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Hazing in the NFL


Does this guy look like a bully?
Richie Incognito  

Some in the media were quick to label Incognito a racist, but some of his black teammates defended him. Every NFL locker room is full of proud black men who have a keen eye for the intentions of their white peers. If Richie Incognito said the N-word in a malicious way, those teammates would have taken care of the problem.

Media allegations also peg Incognito as an extortion artist for allegedly forcing Martin to pay for a Vegas trip that Martin didn’t even attend. Again, some context is important here. When we hear of the totals—$15,000 per player for Vegas, rookies sacked with a $30,000 dinner bill—we are taken aback. But in the NFL, there’s no such abacking taken. My rookie-dinner bill was $26,000. Me and three other rookies were responsible for it. Two of us were on the practice squad, and two were low draft picks. We didn’t feel bullied or pressured. It was a tradition that I was in no place to challenge and felt no need to anyway. We were playing with Monopoly money. I never knew how much I had in my bank account. I didn’t balance my checkbook. I sold my number, 89, to a teammate later in my career for $15,000. I didn’t care about 89, but I tried to get as much as I could out of him. I started with $30,000; he started on $15,000. Obviously I wasn’t a very good negotiator. I routinely watched gambling debts fly well into five figures, even six, settled with a check written when we got back to work. There were plenty of guys on our team making $100,000, $200,000, $300,000 per week.

To me, this story is an instance of the curtain being pulled back on the sport and surprising those who sell it. They slam a player for being soft on the field—say he has no desire, no heart, no toughness—and then blast his poor socialization, which, in this case, amounts to a bit of mean-spirited banter. But civilized, harmonious workers and model citizens off the field will never be the savage beasts on the field. You can’t have both.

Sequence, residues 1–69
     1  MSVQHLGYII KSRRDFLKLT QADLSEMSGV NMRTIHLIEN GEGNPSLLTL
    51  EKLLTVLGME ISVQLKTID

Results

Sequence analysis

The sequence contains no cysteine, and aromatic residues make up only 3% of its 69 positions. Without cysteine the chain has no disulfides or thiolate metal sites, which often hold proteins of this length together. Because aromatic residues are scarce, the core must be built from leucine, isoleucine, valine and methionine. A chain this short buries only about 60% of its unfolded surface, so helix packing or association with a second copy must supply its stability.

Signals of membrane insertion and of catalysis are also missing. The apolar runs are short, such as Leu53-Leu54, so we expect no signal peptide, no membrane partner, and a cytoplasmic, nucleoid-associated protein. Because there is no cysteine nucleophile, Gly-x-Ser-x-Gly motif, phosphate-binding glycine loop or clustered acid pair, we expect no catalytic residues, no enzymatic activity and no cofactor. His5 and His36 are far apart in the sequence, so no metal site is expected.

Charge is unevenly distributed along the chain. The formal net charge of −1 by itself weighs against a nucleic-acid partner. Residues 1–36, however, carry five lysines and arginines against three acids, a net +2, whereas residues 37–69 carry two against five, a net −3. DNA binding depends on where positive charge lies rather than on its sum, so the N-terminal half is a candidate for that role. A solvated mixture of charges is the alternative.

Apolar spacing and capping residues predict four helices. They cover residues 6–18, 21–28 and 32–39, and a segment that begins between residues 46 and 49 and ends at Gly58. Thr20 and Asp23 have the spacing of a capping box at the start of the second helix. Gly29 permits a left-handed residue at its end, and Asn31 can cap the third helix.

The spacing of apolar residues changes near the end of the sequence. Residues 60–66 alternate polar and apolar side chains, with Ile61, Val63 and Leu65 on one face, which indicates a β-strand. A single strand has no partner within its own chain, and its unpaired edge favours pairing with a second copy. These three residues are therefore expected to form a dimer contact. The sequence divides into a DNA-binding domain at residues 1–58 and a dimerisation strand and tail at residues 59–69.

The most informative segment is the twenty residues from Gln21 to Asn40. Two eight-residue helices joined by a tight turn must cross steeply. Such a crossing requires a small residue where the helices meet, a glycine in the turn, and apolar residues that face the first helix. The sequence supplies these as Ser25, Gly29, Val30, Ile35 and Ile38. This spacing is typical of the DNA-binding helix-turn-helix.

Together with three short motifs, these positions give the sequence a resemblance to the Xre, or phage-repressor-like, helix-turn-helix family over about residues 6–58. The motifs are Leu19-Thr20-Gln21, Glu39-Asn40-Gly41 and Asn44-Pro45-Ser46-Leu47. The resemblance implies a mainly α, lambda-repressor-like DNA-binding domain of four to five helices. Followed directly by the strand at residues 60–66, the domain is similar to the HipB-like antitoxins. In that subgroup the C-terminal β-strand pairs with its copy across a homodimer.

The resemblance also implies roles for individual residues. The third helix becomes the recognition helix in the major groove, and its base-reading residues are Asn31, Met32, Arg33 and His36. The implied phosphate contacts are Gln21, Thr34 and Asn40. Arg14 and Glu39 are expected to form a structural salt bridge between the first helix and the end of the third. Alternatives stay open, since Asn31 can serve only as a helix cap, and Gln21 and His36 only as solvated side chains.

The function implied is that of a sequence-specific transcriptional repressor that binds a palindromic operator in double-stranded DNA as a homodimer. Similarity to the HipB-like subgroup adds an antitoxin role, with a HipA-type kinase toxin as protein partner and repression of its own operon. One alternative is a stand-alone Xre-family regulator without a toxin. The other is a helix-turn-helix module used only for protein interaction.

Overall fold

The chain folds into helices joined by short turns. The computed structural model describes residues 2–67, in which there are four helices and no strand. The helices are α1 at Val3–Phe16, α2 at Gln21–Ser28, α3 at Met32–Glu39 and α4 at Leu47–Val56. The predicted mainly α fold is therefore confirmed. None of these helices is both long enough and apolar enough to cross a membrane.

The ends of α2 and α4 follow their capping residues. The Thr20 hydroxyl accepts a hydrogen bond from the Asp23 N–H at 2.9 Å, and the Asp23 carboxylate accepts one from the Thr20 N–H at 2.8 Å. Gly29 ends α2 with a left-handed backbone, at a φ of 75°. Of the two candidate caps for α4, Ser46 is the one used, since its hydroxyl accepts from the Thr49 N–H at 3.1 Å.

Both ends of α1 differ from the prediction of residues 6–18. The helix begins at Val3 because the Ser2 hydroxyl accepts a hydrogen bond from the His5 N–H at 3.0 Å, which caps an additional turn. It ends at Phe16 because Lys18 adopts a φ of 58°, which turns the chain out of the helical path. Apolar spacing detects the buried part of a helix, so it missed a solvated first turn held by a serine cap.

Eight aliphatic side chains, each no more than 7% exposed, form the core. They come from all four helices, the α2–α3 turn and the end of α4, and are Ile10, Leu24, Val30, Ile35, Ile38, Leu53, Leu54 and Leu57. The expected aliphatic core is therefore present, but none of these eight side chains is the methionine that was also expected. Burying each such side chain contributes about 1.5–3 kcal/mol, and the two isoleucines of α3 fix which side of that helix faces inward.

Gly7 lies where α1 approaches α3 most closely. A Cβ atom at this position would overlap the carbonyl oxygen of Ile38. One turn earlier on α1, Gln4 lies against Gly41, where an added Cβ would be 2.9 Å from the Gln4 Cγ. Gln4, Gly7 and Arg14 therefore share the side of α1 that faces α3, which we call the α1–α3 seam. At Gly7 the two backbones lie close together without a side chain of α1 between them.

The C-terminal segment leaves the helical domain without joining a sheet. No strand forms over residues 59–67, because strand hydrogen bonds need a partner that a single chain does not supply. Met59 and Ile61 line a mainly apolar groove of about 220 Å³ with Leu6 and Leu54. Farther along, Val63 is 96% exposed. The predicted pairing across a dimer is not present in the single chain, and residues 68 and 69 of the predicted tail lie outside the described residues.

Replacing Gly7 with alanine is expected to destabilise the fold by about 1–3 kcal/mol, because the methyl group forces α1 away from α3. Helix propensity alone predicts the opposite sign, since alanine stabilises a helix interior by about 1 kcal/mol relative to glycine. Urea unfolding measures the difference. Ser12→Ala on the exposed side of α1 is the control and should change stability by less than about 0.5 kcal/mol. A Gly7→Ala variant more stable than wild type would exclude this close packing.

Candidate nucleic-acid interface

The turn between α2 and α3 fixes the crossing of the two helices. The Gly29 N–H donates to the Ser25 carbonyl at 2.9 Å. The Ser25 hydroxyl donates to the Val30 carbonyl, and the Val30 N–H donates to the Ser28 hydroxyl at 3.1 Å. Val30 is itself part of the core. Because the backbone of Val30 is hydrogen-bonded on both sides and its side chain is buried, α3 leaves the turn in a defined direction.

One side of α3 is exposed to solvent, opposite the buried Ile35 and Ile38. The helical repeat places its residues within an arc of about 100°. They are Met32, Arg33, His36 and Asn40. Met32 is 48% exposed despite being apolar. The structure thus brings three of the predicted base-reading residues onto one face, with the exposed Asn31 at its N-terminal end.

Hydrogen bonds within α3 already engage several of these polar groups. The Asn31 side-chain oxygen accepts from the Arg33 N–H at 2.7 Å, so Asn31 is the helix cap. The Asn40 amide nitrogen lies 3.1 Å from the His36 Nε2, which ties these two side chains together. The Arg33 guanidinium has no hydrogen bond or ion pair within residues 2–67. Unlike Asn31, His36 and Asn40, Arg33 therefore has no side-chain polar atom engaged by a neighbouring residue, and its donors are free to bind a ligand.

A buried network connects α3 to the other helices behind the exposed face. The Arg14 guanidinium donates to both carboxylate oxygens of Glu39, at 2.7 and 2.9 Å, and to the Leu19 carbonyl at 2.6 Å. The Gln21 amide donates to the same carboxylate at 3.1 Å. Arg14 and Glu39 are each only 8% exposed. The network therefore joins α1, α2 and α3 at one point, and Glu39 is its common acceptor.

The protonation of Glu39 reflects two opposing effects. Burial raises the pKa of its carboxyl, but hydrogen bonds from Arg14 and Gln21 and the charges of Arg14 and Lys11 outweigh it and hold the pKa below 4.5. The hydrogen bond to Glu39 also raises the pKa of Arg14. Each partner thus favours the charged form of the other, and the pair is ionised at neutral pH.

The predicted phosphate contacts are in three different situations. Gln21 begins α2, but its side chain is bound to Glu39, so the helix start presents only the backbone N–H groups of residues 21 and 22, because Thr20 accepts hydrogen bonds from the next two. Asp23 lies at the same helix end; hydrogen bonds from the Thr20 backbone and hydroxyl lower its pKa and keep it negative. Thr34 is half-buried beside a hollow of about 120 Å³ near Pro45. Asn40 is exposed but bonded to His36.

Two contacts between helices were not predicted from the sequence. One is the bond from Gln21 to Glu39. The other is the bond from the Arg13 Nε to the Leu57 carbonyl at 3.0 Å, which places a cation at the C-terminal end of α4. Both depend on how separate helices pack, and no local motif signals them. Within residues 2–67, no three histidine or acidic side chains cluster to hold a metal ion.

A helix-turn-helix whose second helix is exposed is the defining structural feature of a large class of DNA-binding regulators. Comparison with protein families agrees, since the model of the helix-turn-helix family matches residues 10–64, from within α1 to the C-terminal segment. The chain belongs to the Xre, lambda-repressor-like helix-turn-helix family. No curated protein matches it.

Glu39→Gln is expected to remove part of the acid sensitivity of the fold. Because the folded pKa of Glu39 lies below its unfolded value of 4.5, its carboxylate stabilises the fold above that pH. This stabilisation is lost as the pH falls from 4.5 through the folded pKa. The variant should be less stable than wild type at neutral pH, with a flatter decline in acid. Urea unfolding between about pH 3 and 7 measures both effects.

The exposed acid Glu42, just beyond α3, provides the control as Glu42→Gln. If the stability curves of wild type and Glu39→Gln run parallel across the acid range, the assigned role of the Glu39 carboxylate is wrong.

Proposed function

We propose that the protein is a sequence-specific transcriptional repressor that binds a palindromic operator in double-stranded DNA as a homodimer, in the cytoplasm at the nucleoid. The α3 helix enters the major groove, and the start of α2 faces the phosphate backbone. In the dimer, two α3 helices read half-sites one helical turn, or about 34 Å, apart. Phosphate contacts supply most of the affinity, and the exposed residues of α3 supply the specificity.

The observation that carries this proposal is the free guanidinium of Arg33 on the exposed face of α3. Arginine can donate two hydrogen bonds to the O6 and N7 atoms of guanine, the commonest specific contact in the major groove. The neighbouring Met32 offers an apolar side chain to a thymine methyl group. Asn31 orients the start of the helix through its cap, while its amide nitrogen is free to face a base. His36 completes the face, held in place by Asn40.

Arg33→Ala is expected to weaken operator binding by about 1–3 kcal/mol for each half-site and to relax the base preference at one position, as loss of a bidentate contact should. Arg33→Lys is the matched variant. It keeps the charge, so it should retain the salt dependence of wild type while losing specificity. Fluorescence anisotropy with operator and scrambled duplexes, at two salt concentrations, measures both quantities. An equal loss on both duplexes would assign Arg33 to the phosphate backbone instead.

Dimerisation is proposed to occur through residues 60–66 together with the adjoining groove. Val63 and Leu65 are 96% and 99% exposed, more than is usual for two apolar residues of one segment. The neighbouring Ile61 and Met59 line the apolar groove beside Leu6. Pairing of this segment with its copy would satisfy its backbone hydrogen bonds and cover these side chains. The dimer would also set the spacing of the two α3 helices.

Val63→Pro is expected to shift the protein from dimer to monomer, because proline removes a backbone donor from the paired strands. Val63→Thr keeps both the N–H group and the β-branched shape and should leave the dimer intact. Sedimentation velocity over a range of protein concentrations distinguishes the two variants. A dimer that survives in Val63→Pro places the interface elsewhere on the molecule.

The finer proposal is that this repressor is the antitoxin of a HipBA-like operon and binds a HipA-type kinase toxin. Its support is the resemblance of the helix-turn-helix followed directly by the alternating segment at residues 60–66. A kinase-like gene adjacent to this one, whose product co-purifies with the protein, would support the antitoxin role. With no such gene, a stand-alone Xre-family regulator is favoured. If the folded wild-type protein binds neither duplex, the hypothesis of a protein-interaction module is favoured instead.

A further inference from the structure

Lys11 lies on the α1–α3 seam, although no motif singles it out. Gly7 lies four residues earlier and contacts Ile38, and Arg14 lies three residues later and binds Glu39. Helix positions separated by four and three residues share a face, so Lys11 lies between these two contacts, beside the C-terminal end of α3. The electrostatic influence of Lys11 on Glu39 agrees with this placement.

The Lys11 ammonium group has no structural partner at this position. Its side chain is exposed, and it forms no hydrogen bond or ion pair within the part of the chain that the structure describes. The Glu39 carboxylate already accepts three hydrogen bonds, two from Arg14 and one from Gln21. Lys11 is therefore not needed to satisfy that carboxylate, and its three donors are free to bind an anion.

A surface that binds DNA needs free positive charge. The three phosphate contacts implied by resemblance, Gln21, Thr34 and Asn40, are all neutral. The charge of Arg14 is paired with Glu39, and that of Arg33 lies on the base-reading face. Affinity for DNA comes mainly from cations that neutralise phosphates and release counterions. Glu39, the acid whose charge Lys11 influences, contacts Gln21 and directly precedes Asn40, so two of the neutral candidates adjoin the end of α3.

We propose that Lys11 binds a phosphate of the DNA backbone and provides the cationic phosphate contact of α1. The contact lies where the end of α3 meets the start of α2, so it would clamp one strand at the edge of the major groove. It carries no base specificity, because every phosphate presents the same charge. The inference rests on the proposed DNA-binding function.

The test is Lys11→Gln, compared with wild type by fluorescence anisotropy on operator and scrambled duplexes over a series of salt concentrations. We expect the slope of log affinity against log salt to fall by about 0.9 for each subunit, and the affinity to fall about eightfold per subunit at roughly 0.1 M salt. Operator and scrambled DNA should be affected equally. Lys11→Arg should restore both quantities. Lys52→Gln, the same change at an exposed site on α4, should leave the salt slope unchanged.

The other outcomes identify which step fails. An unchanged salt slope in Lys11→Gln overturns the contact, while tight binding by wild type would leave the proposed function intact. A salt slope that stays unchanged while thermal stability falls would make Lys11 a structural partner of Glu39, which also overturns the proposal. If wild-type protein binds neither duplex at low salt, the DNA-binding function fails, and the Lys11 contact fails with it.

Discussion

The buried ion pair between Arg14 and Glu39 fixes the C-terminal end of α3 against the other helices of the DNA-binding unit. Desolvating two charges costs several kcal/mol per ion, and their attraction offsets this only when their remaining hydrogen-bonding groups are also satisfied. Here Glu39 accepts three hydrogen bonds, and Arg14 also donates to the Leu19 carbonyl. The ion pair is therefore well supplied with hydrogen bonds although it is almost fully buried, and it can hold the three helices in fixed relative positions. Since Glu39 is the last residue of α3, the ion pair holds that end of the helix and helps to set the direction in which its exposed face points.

Richie Incognito lives in the world that our rabid consumption of the game has created. It’s a place for tough guys, where the mentally and physically weak are weeded out quickly. For those who show themselves to be affected by taunting and teasing, the taunting and teasing get louder, until they either break or develop a good defense. If you can’t handle a joke from your teammates, how are you going to handle the fourth quarter when we need you?—that, at least, is the conventional wisdom. Jonathan Martin’s defense was to walk out. Maybe that was a good thing. Maybe we need to get more sensitive about this stuff. But let’s also try to understand it. Richie Incognito acted like an animal because he lives in the jungle.

Jackson's book Slow Getting Up: A Story of NFL Survival from the Bottom of the Pile is available now.

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